Planning application submitted for infrastructure expansion to support consented flight increase.
London City Airport (LCY) has submitted a planning application for permission to expand its current infrastructure to accommodate up to 120,000 flight movements (take offs and landings) per year, a level already permitted under an application granted in 2009. The proposals will also allow the airport to double its passenger numbers (to six million) over the next ten years, while continuing to attract inward investment into east London and acting as a catalyst for the regeneration of the area.
LCY - based in the Royal Docks and predominantly serving the business and political centres of Canary Wharf, The City and Westminster - currently handles 70,000 flight movements and 3 million passengers per annum. The need for enhanced and expanded infrastructure is driven by three factors
The £200m expansion planned for the airport includes new aeroplane parking stands - to accommodate larger aircraft - a parallel taxilane to optimise runway capacity in peak operating hours and a terminal extension to ensure that LCY's convenience and speed-of-transit propositions are maintained. Crucially, the airport is not proposing a second runway, or any extension to the existing runway.
Declan Collier, Chief Executive Officer, London City Airport, believes that the expansion of the airport is vital - not just to satisfy growing demand for business travel, but also for the ongoing development of the Royal Docks and the east of London. "The airport currently employs just under 2,100 people, of which more than 60% are local. The proposed development has the potential to create as many as 1,500 new jobs, providing further employment in east London.
"Increasingly, this area (the Royal Docks) is a focus for foreign investment - the recent announcement by ABP of its intention to build a multi-billion pound business park on Royal Albert Dock is one such example - and the connectivity to business centres across Europe, Eastern Europe and the Middle East that the airport provides, or will provide in the future, is central to this continuing.
"In terms of the wider UK economy, the airport already contributes £750m every year - through business and leisure tourist spend, the operation of businesses on site, productivity savings and air passenger duty; and when this project is completed, we can expect to double that amount."
London City Airport’s planning application has been submitted to the London Borough of Newham for determination. The airport has also made submissions to the Davies Commission – around optimising use of existing infrastructure and commenting on proposals for new infrastructure – outlining its development proposals and highlighting its ability to relieve capacity pressure on other airports by accommodating more short-haul flights.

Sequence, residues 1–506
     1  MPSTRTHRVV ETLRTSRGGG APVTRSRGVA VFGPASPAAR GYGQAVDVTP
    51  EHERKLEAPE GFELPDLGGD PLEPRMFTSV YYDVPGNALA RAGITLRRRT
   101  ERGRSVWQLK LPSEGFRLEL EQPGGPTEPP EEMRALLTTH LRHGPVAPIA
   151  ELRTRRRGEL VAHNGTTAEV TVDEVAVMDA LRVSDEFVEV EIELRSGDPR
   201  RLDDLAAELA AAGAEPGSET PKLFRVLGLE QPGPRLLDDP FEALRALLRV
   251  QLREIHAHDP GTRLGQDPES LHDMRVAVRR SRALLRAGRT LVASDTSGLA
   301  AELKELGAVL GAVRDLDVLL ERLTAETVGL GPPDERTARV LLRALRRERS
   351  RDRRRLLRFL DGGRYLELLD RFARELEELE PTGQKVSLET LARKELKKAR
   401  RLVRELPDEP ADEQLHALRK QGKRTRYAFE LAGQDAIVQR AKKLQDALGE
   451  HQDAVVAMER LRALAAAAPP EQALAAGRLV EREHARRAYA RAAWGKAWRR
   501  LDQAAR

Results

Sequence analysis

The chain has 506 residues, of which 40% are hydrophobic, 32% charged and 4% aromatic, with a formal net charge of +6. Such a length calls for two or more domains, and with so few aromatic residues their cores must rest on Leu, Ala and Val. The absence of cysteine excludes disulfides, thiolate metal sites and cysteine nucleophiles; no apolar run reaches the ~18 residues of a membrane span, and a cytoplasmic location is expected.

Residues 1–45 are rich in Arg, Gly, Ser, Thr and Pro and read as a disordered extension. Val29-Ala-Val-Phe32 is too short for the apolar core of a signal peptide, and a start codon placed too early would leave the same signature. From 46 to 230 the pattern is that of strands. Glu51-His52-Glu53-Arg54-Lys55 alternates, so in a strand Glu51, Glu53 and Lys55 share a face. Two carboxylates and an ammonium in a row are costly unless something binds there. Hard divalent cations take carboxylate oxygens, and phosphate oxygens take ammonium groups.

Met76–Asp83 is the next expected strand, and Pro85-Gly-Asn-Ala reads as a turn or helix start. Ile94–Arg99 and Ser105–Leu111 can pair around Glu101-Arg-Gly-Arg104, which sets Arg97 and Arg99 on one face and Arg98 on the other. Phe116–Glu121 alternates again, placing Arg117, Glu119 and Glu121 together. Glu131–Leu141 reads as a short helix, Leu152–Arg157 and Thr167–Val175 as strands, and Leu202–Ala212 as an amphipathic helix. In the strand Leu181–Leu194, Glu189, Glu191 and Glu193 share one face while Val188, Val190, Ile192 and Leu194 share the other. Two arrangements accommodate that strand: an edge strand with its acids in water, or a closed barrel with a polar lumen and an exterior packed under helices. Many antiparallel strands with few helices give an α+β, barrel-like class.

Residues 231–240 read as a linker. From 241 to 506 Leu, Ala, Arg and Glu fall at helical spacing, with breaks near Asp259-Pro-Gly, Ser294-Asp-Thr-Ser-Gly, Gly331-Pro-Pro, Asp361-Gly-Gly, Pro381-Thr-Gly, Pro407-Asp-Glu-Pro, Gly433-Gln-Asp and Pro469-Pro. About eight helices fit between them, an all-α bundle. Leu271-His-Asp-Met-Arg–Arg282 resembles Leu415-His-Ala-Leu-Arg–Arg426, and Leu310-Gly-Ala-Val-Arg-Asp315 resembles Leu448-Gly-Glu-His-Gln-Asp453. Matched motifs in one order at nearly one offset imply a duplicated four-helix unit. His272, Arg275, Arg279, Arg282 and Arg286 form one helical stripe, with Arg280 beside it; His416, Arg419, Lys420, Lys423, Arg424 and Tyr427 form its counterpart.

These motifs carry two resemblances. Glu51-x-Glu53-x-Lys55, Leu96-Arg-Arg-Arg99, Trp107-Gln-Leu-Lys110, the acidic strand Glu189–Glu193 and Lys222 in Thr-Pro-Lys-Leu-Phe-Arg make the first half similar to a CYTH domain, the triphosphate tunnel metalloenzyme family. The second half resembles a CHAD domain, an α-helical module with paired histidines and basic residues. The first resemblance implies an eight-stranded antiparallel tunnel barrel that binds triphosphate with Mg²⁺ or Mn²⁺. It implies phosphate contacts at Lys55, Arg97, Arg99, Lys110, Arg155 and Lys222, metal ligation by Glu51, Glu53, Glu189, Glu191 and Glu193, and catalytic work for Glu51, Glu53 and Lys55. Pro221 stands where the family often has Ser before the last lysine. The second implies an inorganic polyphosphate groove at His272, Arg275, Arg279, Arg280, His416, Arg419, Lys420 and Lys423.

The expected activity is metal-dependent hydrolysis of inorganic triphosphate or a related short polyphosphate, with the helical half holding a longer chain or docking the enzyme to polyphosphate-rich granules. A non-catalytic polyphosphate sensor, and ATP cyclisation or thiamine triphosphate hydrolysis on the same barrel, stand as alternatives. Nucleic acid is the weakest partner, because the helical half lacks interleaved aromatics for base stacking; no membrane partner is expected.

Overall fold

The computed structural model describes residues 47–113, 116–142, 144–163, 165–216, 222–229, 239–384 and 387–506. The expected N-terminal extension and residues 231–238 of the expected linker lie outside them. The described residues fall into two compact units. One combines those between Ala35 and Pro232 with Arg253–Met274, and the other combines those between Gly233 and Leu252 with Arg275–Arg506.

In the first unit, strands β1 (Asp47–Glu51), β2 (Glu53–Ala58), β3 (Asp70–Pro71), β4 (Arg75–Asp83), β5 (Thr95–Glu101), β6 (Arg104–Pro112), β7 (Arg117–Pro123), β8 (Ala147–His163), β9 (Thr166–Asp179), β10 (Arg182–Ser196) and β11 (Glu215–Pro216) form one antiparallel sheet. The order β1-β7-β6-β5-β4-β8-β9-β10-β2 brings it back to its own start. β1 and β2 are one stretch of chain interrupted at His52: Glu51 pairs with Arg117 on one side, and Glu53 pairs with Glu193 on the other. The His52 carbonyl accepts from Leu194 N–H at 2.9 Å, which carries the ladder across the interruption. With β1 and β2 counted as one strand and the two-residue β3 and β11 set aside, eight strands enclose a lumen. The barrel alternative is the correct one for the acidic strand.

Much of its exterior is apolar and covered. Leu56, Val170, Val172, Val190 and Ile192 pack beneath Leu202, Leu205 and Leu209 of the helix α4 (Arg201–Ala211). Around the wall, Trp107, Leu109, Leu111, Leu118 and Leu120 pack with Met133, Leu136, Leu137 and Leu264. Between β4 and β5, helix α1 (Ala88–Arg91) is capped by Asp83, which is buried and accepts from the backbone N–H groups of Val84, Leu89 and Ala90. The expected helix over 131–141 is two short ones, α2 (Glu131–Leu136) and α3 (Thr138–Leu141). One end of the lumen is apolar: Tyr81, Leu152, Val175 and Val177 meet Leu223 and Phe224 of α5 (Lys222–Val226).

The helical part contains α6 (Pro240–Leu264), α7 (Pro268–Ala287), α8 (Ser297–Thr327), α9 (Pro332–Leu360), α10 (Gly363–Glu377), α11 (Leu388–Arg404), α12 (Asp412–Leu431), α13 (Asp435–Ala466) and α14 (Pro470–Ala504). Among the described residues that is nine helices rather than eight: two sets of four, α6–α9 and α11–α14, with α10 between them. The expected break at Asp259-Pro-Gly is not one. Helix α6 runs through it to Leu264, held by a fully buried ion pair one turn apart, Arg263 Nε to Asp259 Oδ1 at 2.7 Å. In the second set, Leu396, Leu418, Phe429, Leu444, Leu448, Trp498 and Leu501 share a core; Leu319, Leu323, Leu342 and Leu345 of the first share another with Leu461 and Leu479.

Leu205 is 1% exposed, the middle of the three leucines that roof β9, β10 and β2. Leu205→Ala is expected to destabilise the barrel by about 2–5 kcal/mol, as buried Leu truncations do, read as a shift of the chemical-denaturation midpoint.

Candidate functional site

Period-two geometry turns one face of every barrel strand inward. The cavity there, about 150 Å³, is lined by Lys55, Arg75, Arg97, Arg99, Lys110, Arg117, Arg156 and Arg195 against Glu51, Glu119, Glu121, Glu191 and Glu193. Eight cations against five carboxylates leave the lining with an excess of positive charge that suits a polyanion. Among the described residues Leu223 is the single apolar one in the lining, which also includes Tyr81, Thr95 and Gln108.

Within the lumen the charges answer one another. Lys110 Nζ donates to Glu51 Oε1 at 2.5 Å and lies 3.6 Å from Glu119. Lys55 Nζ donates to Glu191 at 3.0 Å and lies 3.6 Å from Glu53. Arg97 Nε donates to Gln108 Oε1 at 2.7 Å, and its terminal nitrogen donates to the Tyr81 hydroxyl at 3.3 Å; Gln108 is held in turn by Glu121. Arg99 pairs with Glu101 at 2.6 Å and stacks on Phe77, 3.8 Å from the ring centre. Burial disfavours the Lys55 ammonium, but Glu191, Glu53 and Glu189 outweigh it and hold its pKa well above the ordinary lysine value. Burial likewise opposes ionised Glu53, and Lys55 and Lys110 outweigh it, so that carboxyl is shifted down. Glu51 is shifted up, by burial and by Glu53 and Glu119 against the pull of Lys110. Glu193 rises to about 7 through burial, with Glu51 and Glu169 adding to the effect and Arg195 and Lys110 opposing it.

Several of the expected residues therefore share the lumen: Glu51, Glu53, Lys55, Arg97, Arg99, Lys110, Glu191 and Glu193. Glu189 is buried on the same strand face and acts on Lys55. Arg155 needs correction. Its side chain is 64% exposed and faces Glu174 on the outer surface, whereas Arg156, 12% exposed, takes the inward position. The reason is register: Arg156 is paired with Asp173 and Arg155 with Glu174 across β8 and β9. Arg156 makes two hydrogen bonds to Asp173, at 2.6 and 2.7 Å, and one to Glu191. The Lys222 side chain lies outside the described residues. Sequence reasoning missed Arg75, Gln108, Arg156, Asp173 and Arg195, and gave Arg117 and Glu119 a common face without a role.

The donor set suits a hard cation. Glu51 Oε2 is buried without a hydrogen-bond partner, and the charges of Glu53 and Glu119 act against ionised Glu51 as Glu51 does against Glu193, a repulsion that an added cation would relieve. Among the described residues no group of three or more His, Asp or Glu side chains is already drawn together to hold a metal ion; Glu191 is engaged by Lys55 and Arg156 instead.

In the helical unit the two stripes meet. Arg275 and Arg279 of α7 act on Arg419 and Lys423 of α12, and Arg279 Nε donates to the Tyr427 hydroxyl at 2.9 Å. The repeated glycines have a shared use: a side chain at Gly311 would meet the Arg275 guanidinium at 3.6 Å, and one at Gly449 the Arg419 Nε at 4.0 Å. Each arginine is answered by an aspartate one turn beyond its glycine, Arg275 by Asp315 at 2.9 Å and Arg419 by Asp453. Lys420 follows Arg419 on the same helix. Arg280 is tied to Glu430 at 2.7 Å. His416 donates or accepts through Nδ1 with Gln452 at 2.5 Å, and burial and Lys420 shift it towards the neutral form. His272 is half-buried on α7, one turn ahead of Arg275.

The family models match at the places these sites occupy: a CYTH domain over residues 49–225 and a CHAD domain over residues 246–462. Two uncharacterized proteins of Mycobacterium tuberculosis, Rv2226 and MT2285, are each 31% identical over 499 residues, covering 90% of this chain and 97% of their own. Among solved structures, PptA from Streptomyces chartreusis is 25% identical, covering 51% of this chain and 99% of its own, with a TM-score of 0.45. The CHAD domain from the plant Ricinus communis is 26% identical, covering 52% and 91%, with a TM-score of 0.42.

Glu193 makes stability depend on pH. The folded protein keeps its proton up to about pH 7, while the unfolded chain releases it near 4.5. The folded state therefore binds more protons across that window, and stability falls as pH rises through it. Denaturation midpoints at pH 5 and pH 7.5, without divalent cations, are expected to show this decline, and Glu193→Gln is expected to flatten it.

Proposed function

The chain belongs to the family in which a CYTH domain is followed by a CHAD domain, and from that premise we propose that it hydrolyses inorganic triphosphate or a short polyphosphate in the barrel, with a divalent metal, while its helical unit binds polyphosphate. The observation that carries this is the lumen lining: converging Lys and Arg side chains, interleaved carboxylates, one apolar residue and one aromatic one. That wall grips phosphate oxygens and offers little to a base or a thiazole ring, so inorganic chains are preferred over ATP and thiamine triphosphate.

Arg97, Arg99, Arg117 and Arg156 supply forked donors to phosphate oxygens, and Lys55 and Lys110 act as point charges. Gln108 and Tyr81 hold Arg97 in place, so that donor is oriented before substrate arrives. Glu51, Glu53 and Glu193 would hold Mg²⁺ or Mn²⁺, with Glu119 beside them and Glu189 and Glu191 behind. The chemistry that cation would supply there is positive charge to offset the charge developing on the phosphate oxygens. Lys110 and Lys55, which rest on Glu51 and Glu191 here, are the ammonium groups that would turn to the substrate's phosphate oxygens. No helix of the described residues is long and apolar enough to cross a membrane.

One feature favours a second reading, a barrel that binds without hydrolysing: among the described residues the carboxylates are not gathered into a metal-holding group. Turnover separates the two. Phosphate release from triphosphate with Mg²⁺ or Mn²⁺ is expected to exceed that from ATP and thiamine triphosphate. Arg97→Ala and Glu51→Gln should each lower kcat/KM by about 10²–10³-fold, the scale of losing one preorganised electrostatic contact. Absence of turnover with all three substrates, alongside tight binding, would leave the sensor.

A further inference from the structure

London City Airport
London City Airport (LCY) is the only London airport situated in London itself, just three miles from Canary Wharf, seven miles from the City and 10 miles from London’s West End and linked to all via the Docklands Light Railway. Catering for over 3 million passengers and 70,000 movements annually, in 2012 LCY celebrated its millionth flight, 36 millionth passenger and 25 years of operation. LCY offers a unique rapid transit proposition – a short check in, door to lounge, and a shorter arrival, tarmac to train. 11 airlines fly out of LCY, serving 48 destinations, eight of which were new for 2012, with six further announced in 2013. In 2009, the airport was granted permission to increase its operation to 120,000 movements per annum, which it intends to do by 2023, via the City Airport Development Programme. Further information about the airport and its services can be found at www.londoncityairport.com.
The London City Airport Development Programme
London City Airport’s proposed development programme seeks to maximise the use of its existing infrastructure to achieve its permitted number of flight movements (permission for 120,000 movements granted in 2009) without the need for a new runway or an extension to the existing runway. This is in line with the Aviation Policy Framework presented to Parliament by the Secretary of State for Transport in March 2013.
Jeremy Probert, Director of Communications, London City Airport Tel: +44 (0)20 7646 0016 Mob: 07798 708 163 Email: firstname.lastname@example.org
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